The Ministry of Agriculture has since passed out information warning the entire populace to stock enough food. However, the warning might have come in late as many people are likely to have already sold off a number of crops harvested in the recent farming season. Uganda last experienced a major locust invasion in 1961, with immense damage on crops which resulted in acute hunger.
the looming food security threat posed by the desert locusts which have already
invaded Uganda through the northeastern region, the Ministry Of Agriculture,
Animal Industry and Fisheries has put the entire country on standby.
Kalema, the Senior Knowledge Management Officer at the Ministry of Agriculture,
says that earlier today the Permanent Secretary Pius Wakabi channeled information to all district production officers, agricultural officers, and
extension officers notifying them about the forecasted unprecedented threat to
food security due to the desert locusts.
notes that in the communication contains guidelines on basic food storage
measures to be applied in case of extreme damage from the locusts. He says that
the decision has been informed by lessons learnt from Kenya where the said
insects have been devastating communities for the last weeks.
in: “Well, the information…
out…our extension directorate."//
locusts have currently been detected in areas of Amudat, Nakapiripiti and
Moroto, available information indicates that when the major swarms arrive in
the country they might spread hitting Teso sub-region first.
Tukahirwa, a Senior Agriculture Inspector at the department of pests and crop
protection says if the swarms are not contained in the first week, there
is also a possibility of them moving westwards to Acholi and Lango sub-regions
continuing to the southwestern area and possibly crossing to Democratic
Republic of Congo, Rwanda and Tanzania. Tukahirwa says that if the worst
happens then the impact on the desert locusts will be felt across the country.
in: “What we…
out…here in Uganda.”//
that although aerial and ground inter-ministerial interventions are underway, they
may not be sufficient due to the expected size of the swarms coupled with
weather conditions forecasted which might enable further survival,
reproduction and movement of the locusts.
past weeks, the desert locusts have been particularly worrisome in Ethiopia,
Somalia and Kenya devastating the food crops and fodder.
to Food and Agriculture Organization- FAO, Just a single square kilometer swarm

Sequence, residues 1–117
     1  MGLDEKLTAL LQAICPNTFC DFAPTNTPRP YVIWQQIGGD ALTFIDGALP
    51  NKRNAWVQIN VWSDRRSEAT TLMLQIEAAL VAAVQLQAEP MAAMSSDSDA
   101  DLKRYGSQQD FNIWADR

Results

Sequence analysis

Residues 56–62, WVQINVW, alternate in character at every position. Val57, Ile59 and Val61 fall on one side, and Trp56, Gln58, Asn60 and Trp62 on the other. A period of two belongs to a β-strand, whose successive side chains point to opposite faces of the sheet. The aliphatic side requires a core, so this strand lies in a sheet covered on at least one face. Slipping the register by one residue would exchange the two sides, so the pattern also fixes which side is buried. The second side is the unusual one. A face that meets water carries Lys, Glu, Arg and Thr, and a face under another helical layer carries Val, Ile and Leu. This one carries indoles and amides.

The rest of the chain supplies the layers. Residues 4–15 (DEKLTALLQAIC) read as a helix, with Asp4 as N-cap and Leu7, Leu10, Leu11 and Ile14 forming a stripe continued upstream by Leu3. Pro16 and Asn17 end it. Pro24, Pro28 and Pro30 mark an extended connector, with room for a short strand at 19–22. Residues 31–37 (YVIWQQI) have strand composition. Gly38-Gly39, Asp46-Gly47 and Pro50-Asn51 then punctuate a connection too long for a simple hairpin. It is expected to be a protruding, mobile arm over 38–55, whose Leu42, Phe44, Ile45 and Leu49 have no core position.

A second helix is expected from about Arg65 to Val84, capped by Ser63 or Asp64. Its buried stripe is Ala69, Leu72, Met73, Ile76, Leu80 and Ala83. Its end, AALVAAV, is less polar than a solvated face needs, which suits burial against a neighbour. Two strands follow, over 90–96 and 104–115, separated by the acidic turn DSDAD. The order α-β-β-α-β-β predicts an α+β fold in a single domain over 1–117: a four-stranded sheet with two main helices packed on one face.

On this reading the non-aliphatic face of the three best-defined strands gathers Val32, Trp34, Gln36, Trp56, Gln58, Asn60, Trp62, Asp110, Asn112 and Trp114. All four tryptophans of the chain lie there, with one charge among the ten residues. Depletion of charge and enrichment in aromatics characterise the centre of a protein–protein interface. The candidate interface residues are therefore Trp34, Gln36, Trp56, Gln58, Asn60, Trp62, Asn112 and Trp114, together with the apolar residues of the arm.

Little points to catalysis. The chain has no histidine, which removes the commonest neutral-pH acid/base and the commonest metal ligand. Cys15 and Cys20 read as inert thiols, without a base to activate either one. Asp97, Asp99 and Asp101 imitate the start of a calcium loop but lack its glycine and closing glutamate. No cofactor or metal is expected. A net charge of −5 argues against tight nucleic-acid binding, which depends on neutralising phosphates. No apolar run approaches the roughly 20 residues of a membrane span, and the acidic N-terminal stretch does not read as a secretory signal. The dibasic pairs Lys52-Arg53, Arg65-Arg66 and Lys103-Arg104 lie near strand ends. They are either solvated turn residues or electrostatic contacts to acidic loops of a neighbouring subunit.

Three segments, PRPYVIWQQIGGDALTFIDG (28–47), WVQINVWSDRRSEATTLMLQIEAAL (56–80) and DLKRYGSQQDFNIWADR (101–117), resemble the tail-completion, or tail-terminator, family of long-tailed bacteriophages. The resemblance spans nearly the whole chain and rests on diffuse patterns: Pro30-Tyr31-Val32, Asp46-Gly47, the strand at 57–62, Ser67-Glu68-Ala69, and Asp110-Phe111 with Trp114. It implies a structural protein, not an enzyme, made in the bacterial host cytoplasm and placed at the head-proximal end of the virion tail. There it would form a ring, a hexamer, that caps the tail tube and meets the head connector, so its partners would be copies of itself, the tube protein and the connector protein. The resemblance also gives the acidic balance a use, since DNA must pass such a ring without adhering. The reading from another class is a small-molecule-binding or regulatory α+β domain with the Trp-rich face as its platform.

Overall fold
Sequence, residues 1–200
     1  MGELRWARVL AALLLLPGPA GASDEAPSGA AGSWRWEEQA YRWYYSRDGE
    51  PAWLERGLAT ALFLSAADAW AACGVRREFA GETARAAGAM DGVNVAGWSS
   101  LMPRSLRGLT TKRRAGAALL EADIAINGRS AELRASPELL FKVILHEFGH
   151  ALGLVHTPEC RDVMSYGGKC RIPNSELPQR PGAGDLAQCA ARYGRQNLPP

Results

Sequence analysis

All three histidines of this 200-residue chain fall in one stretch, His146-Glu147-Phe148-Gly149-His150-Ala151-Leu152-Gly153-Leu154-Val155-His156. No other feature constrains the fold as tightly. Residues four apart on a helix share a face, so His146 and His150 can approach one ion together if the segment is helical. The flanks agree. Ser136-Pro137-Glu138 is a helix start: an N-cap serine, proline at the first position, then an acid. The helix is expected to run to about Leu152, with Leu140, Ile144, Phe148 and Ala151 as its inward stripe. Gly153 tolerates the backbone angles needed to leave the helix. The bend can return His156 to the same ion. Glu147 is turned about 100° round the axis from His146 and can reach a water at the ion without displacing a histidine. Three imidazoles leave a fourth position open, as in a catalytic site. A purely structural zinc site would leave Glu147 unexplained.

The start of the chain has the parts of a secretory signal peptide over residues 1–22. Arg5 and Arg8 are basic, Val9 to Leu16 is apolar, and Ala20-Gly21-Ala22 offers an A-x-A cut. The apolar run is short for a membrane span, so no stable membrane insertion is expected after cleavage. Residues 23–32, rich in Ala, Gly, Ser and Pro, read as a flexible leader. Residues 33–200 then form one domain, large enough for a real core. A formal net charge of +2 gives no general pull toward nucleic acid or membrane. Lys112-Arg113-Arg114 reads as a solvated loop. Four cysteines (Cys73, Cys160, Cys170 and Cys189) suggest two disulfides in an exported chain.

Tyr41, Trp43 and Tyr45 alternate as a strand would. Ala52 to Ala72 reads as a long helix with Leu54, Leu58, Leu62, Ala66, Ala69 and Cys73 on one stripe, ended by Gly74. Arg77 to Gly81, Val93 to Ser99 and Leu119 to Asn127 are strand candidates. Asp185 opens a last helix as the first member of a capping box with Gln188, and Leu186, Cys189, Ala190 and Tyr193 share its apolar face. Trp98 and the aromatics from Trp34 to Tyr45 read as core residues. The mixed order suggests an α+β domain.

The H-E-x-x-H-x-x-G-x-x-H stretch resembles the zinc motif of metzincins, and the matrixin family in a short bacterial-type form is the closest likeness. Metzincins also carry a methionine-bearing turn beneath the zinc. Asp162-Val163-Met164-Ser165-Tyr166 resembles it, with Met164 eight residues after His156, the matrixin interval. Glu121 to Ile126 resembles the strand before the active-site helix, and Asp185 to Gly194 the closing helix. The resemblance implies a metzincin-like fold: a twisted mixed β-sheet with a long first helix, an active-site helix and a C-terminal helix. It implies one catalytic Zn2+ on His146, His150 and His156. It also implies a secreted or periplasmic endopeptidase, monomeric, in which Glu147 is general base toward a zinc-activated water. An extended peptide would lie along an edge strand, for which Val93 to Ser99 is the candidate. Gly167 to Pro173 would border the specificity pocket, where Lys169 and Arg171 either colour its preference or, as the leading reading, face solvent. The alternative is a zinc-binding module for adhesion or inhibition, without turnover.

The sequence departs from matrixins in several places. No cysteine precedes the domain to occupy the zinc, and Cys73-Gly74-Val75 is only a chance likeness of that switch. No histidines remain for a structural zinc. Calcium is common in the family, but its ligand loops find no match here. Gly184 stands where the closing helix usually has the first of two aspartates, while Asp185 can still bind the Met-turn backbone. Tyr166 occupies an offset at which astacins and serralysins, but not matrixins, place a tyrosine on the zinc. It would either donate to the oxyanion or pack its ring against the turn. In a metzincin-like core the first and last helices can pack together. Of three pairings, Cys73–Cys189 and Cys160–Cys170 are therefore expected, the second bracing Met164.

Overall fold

containing up to 80 million adults can destroy hundreds of thousands of acres
of crops eating the same amount of food in one day as 35,000 people. Locusts are known for being migratory pests staying in one place for 17 hours
covering 50 to 300kilometres per day.
Querido, the FAO Country Representative in Uganda, says amid efforts to control locusts, they have dispatched a team that will assess the impact of their
invasion on food security, livelihoods and livestock in both affected and yet
to be affected areas. After the assessment, there will be interventions to support residents.
however, expresses worry that even before an assessment is done, they are sure
of the potential devastation of crops and pasture in the northern and eastern
areas which already suffer from high levels of food insecurity.
in: “As you know…
out…to also recover.”//
The Office of the Prime Minister through its disaster management unit has since
dispatched some relief items to support the districts of Amudat, Nakapiripiti
and Moroto. The package includes 15 tonnes of rice, 12 tonnes of maize flour and
other logistics as they mobilize for more.
of Agriculture has since passed out information warning the entire populace to
stock enough food. However, the warning might have come in late as many people
are likely to have already sold off a number of crops harvested in the recent
farming season. Uganda last experienced a major locust invasion in 1961, with
immense damage on crops which resulted in acute hunger.
On Sunday, John Byabagambi, the Minister for Karamoja advised
Ugandans to eat the insects. Of course, the desert locusts are edible and said
to be containing a number of nutrients.
countries like Yemen, which were attacked by the plague last year, villagers
reportedly chased the swarms of locusts using special nets scooping the insects
out of the air in an attempt to catch the insects to save their crops midst of
a food crisis. “Instead of them eating our vegetables, now we eat locusts with
rice and our vegetables are fine," one Yemeni farmer was quoted by local
same development, Querido notes that in Iran people
have been developing the capacity to turn the insects into use by making animal
feeds among other products. He, however, observes that the threat posed to
desert countries might not be as much compared to an area with green
vegetation. He also points out that the size and speed of the swarm itself make
it difficult to harvest even if communities would wish to.
in: “As you know…
out…the super devastation.”//
further warns that since the government has taken a step of spraying the
insects, locals should not attempt to eat the insect as it will be exposing
them to the insecticides which they are going to use.